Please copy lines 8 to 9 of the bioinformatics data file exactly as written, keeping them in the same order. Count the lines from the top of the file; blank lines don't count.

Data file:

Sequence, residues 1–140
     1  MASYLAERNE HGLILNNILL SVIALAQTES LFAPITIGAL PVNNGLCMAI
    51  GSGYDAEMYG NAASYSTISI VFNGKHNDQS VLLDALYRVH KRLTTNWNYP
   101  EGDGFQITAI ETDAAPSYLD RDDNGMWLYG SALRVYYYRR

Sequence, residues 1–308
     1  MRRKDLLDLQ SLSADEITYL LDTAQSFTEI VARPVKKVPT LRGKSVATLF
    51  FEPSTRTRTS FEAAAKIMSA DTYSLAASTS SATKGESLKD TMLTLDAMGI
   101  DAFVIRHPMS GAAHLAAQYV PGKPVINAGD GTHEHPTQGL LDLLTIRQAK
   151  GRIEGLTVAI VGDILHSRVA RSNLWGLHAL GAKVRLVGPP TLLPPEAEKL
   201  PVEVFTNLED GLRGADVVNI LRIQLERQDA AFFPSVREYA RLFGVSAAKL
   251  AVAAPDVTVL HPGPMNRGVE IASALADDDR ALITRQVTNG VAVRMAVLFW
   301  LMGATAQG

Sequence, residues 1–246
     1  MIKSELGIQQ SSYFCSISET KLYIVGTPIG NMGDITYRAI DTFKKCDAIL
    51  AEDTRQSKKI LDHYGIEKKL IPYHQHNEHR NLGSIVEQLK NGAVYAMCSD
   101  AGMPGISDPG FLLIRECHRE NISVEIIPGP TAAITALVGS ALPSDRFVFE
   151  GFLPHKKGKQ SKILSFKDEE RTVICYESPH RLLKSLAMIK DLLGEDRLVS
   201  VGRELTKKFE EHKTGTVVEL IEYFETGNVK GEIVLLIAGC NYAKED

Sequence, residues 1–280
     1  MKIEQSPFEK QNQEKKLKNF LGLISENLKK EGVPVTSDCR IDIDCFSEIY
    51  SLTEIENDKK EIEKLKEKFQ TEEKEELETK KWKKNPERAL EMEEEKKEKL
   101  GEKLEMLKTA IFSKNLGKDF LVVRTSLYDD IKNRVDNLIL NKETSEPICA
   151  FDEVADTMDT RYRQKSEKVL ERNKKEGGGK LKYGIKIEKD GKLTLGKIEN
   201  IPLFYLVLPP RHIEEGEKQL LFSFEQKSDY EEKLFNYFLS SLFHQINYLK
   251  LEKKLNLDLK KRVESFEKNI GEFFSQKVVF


   101  DAFVIRHPMS GAAHLAAQYV PGKPVINAGD GTHEHPTQGL LDLLTIRQAK
   151  GRIEGLTVAI VGDILHSRVA RSNLWGLHAL GAKVRLVGPP TLLPPEAEKL